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Chapter 3 – Option 3 (Action)

01/31/2020 11:02 PM | Karen Campe

On her website, Tracy shares a link to James Tanton’s videos about thinking like a mathematician, and this is a chance for you to engage with some math yourself.

Watch part 1 at this link and try out some of the demonstrated strategies for math problems. Tell us about the experience. 


Part 1: http://www.youtube.com/watch?v=KPt1inAIs3k

Full set of videos: http://www.jamestanton.com/?p=1097


Comments

  • 02/02/2020 12:55 PM | Nicole Gilson
    I was intrigued with Dr. Tanton's 5 principles: 1) visualize 2) common sense 3) intellectual play 4) understanding over memorizing and my personal favorite 5) it's ok not to know! As a math specialist and former grade 5 teacher, I can say with a big sigh of relief that we do a lot of "modeling" or visualizing when introducing multiplication/division of whole numbers, decimals and fractions. I was intrigued in how Dr. Tanton showed how to solve algebra problems visually instead of using FOIL. Very cool! Again, I wish I had learned math this way because I am a visual learner. I also loved how he emphasized that mathematicians "pause before leaping into action" - he notes that students often jump in or rush to answer the question without really thinking about it. Finally, I thought he made some good points in solving percent problems. My mother taught me how to figure out how to calculate percents when shopping - she did it the same way Dr. Tanton did - start we 10% off etc. He brings up a good point - why do all the lengthy calculations or as he put it "grungy" work. He reminds me of Greg Tang a little in his delivery and makes some good points. Many of these math activities would work nicely in a number string/talk.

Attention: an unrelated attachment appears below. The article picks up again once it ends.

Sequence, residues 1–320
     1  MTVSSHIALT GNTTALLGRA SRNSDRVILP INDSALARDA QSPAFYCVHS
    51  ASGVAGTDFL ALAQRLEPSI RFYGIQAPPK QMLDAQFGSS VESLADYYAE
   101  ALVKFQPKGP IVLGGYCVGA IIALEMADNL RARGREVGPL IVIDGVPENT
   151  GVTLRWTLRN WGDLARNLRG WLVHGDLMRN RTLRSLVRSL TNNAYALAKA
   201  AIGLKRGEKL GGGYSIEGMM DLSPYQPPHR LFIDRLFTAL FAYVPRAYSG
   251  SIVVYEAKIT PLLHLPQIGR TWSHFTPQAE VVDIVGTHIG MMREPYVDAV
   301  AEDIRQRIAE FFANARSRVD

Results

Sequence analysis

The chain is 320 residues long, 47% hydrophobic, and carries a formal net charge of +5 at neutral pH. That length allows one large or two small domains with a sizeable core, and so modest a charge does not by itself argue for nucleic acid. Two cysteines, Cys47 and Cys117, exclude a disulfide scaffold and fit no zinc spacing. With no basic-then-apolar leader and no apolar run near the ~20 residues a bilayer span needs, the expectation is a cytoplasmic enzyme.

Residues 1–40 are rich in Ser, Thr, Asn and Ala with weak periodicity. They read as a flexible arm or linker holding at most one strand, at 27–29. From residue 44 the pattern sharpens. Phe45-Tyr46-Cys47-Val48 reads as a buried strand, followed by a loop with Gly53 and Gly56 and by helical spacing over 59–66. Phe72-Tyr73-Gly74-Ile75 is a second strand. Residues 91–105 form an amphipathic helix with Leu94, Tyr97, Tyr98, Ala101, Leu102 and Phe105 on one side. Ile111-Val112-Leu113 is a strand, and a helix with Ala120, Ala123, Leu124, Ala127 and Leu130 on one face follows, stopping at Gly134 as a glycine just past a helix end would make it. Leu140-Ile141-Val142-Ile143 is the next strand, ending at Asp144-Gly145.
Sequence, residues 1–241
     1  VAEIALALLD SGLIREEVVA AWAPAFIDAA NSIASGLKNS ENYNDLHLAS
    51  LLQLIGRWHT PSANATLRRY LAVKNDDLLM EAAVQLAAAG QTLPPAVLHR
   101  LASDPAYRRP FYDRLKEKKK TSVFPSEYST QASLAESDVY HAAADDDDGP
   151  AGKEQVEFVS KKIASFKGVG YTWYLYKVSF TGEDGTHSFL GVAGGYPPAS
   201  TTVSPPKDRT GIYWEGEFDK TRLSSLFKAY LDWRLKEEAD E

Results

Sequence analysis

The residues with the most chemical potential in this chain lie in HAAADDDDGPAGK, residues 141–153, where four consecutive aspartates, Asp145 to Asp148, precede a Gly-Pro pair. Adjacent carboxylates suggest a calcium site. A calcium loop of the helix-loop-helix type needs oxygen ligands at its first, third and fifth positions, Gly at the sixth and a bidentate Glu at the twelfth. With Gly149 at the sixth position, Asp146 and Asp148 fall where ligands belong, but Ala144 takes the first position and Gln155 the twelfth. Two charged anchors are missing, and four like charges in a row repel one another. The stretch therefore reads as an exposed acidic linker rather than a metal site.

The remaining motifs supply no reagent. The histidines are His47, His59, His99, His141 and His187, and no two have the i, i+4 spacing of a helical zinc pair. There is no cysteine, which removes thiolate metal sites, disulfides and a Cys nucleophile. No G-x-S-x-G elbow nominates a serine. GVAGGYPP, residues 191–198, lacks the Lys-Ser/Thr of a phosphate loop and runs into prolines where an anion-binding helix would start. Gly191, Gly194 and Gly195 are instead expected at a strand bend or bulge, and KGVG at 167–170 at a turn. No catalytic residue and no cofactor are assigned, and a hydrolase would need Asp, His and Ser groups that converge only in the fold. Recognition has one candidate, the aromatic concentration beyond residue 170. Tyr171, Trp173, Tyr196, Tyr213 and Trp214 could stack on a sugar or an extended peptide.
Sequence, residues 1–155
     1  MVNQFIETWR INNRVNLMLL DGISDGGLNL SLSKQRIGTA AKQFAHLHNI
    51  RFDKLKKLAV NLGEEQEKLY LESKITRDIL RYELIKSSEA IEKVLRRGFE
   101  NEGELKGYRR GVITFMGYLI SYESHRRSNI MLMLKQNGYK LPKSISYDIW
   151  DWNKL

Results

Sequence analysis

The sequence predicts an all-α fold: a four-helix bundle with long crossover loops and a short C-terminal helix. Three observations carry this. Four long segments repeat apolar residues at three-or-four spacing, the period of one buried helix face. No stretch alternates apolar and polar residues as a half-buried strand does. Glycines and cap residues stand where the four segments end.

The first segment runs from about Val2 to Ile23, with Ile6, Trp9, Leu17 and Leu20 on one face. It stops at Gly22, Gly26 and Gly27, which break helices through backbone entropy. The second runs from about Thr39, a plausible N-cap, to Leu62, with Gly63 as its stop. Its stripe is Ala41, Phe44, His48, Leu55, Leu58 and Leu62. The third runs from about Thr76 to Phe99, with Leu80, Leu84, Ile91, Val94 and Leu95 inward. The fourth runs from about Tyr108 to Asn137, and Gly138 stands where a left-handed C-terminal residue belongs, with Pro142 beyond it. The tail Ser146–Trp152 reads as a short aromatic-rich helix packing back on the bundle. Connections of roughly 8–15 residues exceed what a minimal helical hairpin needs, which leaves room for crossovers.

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  • 02/09/2020 1:20 PM | Peg Murray
    It was very interesting to watch James Tanton’s videos and see what he believes math is really about, and what it can teach our students;:
    Innovation of thought,
    Seeing the big picture
    Intellectual agility
    Asking “Why?” and “What if?” instead of just “What?”
    Engaging in intellectual play, and being willing to fail
    If we can develop these skills with our students, we will also be developing the life skills he refers to. Problem solving with math can build mindful thinking about finding solutions. I particularly appreciated his comments about visualizing, and using pictures, I would never have seen the 4 * 4 array as the sum of 1+2+3+4+3+2+1, but once he demonstrated it, I saw it as a different way to find the answer. I work with third grade students, so I try to focus my instruction on helping my students develop their understanding of different math concepts.
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